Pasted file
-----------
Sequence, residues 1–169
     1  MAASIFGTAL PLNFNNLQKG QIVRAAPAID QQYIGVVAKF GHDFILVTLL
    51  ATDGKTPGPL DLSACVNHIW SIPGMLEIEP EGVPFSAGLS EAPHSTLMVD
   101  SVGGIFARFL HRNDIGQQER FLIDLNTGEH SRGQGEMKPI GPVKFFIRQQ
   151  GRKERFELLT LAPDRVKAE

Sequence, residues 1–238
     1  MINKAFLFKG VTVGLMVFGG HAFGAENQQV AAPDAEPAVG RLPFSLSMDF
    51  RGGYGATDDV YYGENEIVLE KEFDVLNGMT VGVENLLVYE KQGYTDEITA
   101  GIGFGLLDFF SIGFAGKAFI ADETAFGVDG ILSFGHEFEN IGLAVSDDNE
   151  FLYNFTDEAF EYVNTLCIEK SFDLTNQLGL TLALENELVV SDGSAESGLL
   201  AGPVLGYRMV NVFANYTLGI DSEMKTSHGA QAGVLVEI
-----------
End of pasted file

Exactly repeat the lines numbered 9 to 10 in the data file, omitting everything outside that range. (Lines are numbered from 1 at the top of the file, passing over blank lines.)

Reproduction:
   101  GIGFGLLDFF SIGFAGKAFI ADETAFGVDG ILSFGHEFEN IGLAVSDDNE
   151  FLYNFTDEAF EYVNTLCIEK SFDLTNQLGL TLALENELVV SDGSAESGLL